Look at the medium: print vs. electronic
When thinking about medium, or what type of product is desirable to use when teaching autistic children to read, there is no doubt that the trend is toward technology. The knee-jerk reaction is to search for an electronic program that will capture the child’s interest and thus hopefully teach the critical concepts he has missed. I frequently hear from people who want our materials in electronic format so they can provide their children with computer, smart phone, tablet, etc., and thus entice them to want to learn. Compared to “boring books” and print material, technology just has its allure, doesn’t it?
Although some children do respond well to technology, a potential drawback to using technology is that it is pre-programmed along certain lines. There is not the ability for the student to make sense for herself, to work with materials hands-on, or to see a global whole.
Technology is also limited in what it teaches; the content is limited. If a child suddenly wants to learn how to read and write a huge interesting word, he will not be able to get that from a software program. When a real teacher is present, he or she can respond to the child, be able to follow the direction the child’s thoughts are taking him, and be able to tailor his learning perfectly to him. The teacher becomes the facilitator, and in those cases, learning knows no limits.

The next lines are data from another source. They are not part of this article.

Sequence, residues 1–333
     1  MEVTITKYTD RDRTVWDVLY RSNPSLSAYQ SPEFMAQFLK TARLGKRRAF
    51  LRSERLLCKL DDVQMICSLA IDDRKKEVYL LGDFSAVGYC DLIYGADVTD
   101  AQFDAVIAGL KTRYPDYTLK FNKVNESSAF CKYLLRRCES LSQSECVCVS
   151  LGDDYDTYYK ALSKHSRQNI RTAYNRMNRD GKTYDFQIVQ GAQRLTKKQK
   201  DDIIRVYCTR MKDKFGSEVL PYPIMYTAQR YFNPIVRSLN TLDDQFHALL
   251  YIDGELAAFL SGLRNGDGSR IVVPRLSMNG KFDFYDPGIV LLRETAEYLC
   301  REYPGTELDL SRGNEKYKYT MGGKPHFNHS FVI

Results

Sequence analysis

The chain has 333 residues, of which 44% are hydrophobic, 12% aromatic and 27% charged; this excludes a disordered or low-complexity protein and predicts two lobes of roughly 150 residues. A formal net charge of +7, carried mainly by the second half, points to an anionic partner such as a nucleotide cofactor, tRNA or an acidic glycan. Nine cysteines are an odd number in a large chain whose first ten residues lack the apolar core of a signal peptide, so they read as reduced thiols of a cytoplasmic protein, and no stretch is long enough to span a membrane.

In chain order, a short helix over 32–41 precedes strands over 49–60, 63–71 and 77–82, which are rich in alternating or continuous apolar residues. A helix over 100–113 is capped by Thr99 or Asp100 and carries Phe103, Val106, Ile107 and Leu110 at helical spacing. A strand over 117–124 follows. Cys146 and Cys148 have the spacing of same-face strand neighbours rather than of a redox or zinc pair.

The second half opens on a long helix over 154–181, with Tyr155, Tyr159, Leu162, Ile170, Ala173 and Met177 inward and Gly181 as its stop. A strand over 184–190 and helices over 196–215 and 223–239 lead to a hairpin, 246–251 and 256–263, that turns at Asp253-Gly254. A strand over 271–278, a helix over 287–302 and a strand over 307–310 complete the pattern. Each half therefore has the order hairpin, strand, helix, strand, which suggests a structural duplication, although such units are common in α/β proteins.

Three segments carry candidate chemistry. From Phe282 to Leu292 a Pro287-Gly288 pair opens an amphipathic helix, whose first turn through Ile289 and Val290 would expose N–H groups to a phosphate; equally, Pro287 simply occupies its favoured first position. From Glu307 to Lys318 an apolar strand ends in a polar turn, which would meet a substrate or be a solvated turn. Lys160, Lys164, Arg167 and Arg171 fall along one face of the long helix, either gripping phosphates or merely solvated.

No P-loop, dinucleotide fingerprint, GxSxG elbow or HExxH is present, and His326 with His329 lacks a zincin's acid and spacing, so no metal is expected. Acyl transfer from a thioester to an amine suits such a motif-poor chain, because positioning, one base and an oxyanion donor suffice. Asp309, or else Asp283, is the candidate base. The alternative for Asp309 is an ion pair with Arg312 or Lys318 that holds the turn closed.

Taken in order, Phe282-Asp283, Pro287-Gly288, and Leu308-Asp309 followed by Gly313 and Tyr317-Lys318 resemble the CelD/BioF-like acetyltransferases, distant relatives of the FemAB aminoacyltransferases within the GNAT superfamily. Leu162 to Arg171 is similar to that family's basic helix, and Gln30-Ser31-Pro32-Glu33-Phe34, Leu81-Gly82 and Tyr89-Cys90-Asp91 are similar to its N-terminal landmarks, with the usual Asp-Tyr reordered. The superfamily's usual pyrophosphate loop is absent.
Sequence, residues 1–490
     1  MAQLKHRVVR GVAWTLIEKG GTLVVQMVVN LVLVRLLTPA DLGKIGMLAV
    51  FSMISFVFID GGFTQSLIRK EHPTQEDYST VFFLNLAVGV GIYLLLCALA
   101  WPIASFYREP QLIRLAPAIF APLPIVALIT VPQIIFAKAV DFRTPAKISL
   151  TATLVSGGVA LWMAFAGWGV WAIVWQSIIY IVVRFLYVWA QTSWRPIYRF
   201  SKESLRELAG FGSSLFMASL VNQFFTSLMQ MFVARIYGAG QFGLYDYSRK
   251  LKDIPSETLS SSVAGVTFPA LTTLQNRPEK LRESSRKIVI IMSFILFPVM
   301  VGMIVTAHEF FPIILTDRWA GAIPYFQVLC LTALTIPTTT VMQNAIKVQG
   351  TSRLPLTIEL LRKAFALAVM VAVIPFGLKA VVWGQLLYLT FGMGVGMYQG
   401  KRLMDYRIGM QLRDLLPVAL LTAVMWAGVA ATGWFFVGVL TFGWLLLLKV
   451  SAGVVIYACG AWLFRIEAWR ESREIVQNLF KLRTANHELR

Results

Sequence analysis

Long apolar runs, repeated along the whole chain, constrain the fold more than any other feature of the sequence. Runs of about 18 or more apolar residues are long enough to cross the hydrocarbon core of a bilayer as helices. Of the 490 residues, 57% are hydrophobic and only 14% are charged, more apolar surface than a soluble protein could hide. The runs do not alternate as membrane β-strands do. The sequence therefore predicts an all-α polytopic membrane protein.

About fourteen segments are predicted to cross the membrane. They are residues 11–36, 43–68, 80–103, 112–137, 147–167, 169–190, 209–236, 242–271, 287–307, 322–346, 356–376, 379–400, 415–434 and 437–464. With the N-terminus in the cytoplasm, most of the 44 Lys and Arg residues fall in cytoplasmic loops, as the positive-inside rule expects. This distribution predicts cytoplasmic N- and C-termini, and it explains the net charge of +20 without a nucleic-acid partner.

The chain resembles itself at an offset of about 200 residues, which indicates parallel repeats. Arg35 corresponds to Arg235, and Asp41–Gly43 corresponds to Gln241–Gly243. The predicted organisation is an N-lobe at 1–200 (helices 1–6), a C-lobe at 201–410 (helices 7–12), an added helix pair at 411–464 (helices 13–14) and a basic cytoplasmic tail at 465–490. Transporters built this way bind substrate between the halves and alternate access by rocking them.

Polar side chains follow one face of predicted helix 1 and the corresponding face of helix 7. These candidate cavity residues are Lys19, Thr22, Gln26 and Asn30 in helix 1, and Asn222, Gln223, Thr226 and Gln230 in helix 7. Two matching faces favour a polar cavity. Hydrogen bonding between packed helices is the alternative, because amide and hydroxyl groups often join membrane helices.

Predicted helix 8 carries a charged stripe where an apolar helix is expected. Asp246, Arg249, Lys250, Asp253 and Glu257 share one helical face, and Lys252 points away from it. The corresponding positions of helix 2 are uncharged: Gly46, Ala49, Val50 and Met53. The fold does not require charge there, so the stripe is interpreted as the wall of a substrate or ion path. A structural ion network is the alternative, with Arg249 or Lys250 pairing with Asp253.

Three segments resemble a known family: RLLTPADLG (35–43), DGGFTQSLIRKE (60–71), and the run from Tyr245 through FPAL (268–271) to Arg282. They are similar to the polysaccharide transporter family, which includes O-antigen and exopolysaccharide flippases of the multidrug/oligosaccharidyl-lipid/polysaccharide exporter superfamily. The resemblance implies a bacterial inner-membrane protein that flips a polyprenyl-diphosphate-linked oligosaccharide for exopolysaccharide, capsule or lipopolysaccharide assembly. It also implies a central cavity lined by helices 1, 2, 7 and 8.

One of the most serious disadvantages of electronic teachers is that they often train the child to be a passive responder rather than a proactive learner. This is huge when viewed in terms of how this will impact the child as she becomes an adult and needs to be able to make choices for her life. She will need to think proactively about her life and exactly what she wants it to be like. She will need to be an active problem-solver, not just a responder.
Help your child reach his or her maximum potential
I spoke with an educator on the phone last week and she said that today, many people understand that children with autism truly can learn to a level that a couple of decades ago was not anticipated. She said educators and parents have come to understand that what makes the difference for children with autism is the materials and approaches they choose as they teach reading. It was gratifying to hear this from someone who works daily with autistic children. So often we underestimate what a child can do when he has someone to facilitate his learning that understand his learning strengths and who will break out of the mold in choosing teaching materials.
Take advantage of the materials prepared for you by Child1st
We at Child1st have dedicated ourselves to creating teaching materials that meet this need. All our materials are designed especially to include embedded visuals, body motions, pattern-discovery, humor, and are hands-on and student driven. Please follow the links below and find materials appropriate for your child’s learning needs.